Thyroid and Sex Drive

Thyroid disease comes with many concerning symptoms, but often the most worrisome is the loss of sex drive or decreased libido. In order to have a healthy libido, it's important to have a healthy thyroid. There are studies indicating that even a small reduction in thyroid levels can dramatically lower a woman's libido in addition to causing weight gain, fatigue and depression.

How Does Thyroid Problem Affect Sex Drive?

Hypothyroidism often shows itself gradually. Its symptoms can go unnoticed because they are similar to the signs of aging. Hypothyroidism can reduce metabolism, thus slows down the functioning of reproductive organs. It can also affect the adrenal glands which can reduce the production of the sex hormones. Men and women can see a decrease in testosterone and estrogen levels, leading to a lower sex drive. Luckily, a thyroid imbalance can be corrected and thus you can treat the problems related to thyroid and sex drive as well as other bodily functions.

Other Signs of Hypothyroidism

As your metabolism gets slower, you could see more obvious signs, such as:

What to Do When Thyroid Problem Decreases Your Sex Drive

Consider the following options if you discover you have thyroid and sex drive trouble.

1. Check Hormone Balances

Hormone and endocrine imbalances can be common in thyroid patients. Make sure that your doctor checks your hormones such as progesterone, estrogen, and testosterone. You can receive hormone as an injection or a patch. And in some cases, pellets under the skin may be suggested. Women can also benefit from testosterone. Doctors often prescribe it in pill or cream form. Finally, make sure your adrenal function is checked as well, specifically, your DHEA and cortisol.

2. Take Medications

Medical treatments may include taking a levothyroxine/T4 drug such as Synthroid. Some will need a synthetic form of the hormone T3, such as Cytomel. Another possibility would be a more natural drug such as Nature-thyroid or Armour.

3. Look into Supplements

Some supplements that you can consider are:

Other Causes of Low Sex Drive

Although there is a strong link between thyroid and sex drive, low libido can be caused by other problems, such as:

1. Relationship Trouble

The first thing you need to look at is if you are happy with your relationship. Are there doubts, fights or troubles that could be affecting your loss of libido? Have you been together for a long time? It may be time to shake things up to see a change in your libido. Relationship trouble can be one of the first reasons you see a loss of libido.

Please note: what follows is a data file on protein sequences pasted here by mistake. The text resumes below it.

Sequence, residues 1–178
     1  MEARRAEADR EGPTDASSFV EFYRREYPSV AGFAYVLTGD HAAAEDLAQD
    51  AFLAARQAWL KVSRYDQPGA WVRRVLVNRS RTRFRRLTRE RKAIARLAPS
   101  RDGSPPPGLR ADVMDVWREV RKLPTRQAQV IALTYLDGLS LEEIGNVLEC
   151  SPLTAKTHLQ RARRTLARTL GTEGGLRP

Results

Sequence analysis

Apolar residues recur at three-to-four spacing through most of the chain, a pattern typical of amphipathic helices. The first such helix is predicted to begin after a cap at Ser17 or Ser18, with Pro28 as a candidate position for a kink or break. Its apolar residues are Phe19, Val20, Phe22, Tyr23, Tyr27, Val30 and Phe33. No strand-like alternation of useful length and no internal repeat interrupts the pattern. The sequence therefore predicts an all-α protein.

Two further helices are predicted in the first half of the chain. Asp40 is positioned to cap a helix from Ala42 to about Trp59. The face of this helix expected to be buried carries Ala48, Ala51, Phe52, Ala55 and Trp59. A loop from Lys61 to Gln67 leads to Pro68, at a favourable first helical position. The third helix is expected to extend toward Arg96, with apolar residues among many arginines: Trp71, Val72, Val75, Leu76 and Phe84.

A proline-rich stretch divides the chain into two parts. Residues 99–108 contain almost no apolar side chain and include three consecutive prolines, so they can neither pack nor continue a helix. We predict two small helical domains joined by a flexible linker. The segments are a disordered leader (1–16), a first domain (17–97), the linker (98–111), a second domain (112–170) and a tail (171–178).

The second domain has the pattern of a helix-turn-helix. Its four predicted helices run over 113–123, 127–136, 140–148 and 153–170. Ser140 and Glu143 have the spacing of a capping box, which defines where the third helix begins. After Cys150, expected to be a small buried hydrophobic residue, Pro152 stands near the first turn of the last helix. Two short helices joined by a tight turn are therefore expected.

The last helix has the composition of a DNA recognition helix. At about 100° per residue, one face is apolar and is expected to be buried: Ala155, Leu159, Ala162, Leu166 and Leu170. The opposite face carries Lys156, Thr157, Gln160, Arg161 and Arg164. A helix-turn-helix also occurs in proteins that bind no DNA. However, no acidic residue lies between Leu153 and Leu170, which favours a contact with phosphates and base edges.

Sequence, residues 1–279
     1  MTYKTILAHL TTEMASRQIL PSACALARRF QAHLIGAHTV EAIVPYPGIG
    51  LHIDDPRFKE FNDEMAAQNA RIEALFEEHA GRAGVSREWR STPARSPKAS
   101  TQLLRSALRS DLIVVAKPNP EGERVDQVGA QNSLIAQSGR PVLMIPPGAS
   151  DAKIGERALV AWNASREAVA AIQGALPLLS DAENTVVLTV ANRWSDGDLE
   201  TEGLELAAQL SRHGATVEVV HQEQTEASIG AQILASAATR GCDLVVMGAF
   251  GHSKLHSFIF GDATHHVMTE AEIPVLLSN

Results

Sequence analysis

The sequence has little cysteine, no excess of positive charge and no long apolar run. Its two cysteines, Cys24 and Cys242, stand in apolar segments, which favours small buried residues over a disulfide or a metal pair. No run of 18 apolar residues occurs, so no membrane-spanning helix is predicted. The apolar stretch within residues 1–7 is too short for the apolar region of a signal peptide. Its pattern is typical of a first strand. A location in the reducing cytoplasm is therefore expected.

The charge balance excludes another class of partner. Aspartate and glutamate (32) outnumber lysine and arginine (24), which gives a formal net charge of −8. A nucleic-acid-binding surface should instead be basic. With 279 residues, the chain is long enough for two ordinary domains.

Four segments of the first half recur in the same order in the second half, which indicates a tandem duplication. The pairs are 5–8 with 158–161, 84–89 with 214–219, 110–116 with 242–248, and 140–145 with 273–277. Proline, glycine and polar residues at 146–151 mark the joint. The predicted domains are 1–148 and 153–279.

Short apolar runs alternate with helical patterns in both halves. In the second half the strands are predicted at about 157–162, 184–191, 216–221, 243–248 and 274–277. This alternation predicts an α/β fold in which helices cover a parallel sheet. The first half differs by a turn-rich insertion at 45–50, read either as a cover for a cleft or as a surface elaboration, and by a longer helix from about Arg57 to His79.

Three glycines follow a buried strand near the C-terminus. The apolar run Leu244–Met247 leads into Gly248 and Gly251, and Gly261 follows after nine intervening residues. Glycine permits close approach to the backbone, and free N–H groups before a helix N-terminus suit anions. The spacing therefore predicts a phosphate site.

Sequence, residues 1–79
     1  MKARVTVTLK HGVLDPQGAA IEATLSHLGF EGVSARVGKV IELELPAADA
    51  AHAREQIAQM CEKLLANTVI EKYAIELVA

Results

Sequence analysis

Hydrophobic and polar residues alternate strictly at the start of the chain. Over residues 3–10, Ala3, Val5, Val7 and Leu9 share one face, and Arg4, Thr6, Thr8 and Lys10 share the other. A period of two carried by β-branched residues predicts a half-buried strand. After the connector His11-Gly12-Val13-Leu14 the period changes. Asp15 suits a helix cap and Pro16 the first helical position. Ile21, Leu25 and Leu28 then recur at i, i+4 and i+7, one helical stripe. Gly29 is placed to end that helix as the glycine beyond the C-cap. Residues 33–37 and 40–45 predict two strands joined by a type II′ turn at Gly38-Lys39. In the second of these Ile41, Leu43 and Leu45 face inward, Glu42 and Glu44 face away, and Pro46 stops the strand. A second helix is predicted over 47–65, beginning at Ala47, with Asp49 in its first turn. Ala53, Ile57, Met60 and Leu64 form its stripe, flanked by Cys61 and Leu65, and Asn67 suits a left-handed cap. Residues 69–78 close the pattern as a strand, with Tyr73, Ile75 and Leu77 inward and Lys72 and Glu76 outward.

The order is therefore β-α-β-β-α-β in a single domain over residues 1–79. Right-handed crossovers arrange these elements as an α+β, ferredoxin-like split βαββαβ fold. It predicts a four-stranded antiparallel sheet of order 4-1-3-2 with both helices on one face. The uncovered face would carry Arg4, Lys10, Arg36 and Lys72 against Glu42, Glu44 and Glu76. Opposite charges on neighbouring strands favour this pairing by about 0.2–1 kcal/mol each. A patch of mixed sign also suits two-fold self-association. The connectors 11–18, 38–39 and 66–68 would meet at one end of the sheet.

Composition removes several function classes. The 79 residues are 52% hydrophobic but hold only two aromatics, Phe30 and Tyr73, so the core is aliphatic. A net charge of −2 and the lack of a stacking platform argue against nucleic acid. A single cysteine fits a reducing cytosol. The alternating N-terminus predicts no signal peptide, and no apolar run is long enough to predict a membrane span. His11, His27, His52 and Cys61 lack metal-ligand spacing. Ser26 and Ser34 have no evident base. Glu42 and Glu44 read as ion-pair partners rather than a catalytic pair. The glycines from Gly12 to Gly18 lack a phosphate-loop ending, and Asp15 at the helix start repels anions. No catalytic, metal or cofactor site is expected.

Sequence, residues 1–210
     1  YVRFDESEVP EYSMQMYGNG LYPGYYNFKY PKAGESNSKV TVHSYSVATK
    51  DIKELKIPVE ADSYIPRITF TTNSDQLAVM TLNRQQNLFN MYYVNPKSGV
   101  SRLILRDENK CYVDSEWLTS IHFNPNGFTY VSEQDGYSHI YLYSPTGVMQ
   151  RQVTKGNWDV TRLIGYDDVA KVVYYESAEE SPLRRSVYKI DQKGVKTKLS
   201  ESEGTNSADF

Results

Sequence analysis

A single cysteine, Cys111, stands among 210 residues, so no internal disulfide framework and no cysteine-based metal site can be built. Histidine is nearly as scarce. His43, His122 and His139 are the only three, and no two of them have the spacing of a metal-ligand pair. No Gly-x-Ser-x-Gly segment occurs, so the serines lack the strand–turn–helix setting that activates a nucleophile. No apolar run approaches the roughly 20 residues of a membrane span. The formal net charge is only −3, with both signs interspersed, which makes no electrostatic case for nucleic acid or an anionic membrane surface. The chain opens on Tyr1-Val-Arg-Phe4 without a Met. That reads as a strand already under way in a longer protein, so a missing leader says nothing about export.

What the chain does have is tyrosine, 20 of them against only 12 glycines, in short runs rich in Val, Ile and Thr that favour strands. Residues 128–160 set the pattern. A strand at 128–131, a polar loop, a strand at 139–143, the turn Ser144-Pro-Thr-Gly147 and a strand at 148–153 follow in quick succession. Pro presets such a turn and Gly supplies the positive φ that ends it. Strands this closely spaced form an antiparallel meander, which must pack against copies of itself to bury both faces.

2. Stress

Feeling anxious or having too much stress can impact your libido. If you have been feeling exhausted or stressed out, you may need to deal with these problems first.

3. Depression

Depression is a serious mental illness that can affect all areas of your life. The symptoms include the loss of interest in sex life. If you feel hopeless, too tired to complete daily tasks, or see changes in your sleep patterns, speak to your doctor about depression.

4. Alcohol

If you are overindulging in alcohol, you may see a loss of libido. Be moderate with your drinking and limit yourself to 1 drink per day if you are a woman and up to 2 drinks per day if you are a man.

5. Age

Getting older can affect your metabolism as well as your libido. Your metabolism will decrease and this can affect hormones, in particular testosterone.

6. Contraception

There are women who have shown a lowered sex drive when they are using certain hormone based contraception. If you suspect this is the case, speak with your doctor to change the contraception. But some symptoms may resolve on their own after a few months.

7. Chronic Medical Conditions

There are some health conditions such as diabetes, obesity, and cardiovascular disease that can affect your libido.

8. Medication

There are medications that can cause a loss of libido. Diuretics for high blood pressure and some antidepressants can be the causes. If you are concerned about the medication you take, you should check with your doctor to adjust the dose or change to another medication. 

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